Get some perspective: This is the school of thought that suggests you should stop whining and just be grateful you’re employed - or that your job isn’t as bad as others out there. And since you are, most probably, more fortunate in comparison, you should simply focus on being brilliant at it:

“If a man is called to be a street sweeper, he should sweep streets even as Michelangelo painted, or Beethoven composed music, or Shakespeare wrote poetry. He should sweep streets so well that all the hosts of heaven and earth will pause to say, here lived a great street sweeper who did his job well.”

Easier said than done, Martin Luther King Jr. Easier said than done. 

Do you hate your job? If so, how do you handle it? Leave a comment.

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Poll: How do you feel about your job?

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Love it, can't wait to get there in the morning

5%

It's alright most of the time

26%

Mild apathy

22%

Strong dislike

18%

Would rather bang head against a brick wall

29%

Total votes: 3504.

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33 comments

  • Some interesting points are raised. I for one, was relocated some 15 months ago & I am now facing a blank wall, having previously sat in close proximity to a window with a view. For my fellow co-worker, it was the straw that broke the camel’s back. For me, it was ‘whatever’. I don’t sit at the desk all the time. I do get up, have a chat/laugh, talk to people in other departments, work at other bench tops, etc. It’s all in the head.

    For me, work enjoyment is about being allowed some autonomy (i.e. you’re in control of your own domain & you don’t have someone constantly on your back) & any work-related problems or issues are discussed openly & friendly (as any team should) & not through hostility & finger pointing (both giving & receiving).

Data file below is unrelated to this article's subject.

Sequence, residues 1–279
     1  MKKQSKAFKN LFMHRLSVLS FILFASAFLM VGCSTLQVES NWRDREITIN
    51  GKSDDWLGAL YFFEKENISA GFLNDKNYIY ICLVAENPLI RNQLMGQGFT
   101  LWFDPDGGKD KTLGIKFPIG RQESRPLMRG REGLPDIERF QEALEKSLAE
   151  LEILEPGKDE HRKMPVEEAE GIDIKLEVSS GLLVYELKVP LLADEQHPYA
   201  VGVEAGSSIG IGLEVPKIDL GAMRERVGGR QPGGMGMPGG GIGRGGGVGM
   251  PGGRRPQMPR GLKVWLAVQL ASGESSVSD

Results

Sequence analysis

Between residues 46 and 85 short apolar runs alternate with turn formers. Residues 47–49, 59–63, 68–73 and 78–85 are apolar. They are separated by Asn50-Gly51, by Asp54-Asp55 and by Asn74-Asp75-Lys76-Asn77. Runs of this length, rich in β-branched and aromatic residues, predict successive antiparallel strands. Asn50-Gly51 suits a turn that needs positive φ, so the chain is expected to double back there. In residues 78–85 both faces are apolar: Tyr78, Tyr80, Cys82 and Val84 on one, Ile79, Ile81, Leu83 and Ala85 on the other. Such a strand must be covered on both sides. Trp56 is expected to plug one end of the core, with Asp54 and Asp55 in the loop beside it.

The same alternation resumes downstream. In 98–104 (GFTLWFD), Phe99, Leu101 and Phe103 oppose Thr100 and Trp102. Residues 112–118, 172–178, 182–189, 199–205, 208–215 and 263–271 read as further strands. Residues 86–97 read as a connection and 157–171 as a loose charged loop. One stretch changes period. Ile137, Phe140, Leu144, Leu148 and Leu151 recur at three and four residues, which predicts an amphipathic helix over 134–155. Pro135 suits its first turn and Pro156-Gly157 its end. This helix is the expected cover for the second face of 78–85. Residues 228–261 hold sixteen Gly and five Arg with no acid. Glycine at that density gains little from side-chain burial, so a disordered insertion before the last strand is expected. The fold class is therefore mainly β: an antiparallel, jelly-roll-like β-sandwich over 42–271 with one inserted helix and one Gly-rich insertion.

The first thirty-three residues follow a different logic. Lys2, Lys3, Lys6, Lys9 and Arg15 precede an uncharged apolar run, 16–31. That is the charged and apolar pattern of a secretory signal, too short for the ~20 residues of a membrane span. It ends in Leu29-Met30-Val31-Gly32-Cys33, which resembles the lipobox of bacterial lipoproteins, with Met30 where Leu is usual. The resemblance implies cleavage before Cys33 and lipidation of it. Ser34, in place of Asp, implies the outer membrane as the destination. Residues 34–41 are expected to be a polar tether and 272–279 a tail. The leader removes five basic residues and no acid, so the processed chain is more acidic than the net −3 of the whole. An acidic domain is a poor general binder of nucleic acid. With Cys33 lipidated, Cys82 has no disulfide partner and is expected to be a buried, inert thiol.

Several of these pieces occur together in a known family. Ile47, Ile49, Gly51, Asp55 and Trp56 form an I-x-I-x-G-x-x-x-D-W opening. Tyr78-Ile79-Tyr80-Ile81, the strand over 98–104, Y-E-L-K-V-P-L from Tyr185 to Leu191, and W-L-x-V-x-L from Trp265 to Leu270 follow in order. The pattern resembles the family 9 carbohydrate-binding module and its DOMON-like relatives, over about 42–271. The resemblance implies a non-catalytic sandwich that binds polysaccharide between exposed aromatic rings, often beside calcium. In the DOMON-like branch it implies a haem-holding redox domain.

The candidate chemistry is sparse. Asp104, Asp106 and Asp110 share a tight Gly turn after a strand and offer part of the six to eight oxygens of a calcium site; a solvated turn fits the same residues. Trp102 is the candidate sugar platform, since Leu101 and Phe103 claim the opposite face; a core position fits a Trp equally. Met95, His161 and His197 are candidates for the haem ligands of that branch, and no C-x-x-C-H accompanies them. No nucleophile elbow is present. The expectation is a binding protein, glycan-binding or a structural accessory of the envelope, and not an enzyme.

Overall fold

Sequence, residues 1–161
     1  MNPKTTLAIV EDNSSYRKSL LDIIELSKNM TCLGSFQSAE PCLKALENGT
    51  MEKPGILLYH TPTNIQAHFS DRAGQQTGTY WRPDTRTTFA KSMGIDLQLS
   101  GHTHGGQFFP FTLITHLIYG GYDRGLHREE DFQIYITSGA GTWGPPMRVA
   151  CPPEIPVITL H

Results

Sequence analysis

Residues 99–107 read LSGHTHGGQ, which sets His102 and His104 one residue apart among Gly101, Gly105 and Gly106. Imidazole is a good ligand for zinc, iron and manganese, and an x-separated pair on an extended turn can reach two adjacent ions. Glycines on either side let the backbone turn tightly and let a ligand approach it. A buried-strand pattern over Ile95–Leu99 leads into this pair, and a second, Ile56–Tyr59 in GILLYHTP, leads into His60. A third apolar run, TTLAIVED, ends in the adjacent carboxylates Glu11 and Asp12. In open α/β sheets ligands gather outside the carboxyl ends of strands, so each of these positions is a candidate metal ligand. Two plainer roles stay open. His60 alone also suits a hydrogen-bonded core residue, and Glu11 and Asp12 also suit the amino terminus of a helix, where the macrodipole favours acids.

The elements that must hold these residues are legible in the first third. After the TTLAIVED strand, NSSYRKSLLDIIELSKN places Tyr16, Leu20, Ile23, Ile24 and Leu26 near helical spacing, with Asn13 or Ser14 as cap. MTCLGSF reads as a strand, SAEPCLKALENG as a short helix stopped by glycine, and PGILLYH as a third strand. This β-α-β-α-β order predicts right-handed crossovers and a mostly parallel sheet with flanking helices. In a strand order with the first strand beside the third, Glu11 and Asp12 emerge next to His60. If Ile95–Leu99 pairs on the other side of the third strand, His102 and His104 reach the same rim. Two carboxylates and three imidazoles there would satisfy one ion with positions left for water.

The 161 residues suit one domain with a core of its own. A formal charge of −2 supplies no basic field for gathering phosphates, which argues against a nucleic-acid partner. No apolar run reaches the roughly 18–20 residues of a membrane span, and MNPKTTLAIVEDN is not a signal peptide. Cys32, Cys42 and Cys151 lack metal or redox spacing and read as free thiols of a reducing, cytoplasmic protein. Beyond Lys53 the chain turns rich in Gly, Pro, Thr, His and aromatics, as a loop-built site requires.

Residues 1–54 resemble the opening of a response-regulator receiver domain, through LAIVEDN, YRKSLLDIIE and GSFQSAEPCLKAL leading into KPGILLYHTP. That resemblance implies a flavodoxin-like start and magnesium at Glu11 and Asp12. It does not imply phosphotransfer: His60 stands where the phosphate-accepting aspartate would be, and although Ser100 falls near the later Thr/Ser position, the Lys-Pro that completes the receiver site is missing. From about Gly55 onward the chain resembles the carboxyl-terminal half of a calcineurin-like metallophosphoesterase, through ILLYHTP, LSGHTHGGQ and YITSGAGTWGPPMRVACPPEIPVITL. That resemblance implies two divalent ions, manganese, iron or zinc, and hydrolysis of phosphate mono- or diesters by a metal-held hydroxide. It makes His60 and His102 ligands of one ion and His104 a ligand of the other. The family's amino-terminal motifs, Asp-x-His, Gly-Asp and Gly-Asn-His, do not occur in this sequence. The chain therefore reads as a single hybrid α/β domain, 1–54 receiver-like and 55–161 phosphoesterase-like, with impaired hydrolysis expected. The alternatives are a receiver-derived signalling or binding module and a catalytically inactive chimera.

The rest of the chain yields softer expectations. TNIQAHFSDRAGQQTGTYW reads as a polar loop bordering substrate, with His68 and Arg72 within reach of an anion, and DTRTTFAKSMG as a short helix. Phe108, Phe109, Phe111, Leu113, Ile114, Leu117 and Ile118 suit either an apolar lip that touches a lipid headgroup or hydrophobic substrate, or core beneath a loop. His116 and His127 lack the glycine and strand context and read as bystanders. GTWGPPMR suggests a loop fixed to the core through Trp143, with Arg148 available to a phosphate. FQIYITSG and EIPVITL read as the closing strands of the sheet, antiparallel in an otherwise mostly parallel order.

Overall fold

Also, it pays to not be massively in debt as it enforces a slave-to-the-system type thinking… always a downer. So next time you want to purchase a new car or house, think about the consequences to your own state of mind. When a human feels free, he is happier.

    Commenter
    Christos
    Location
    Date and time
    October 19, 2012, 1:01PM
  • Every person should have one horrible job when they are a teen/student. If you are a shy computer geek (like me), have a job that puts you on your feet all day talking to people. If you hate computers, get a data entry job...
    Then, when you are at your 'dream job' but find you hate it... well... at least I'm not washing dishes and waiting tables anymore!

    Commenter
    Pi
    Location
    Date and time
    October 19, 2012, 1:02PM
    • Yeah I know what you mean, The job I used to have I hated with a vengeance. Corporate salary, all the perks you could ask for, but I always had the sense that there was something better for me. So I did what I had to do and I now get to meet lots of new people and am enjoying the great outdoors. I just need to recall those times to feel infinitely happier now that I'm on the up selling copies of The Big Issue.

      Commenter
      Malik the magic sheep
      Location
      Date and time
      October 19, 2012, 3:21PM
  • Then leave. They probably hate you just as much as you hate the job because you can bet that you are not doing it that well if you hate it.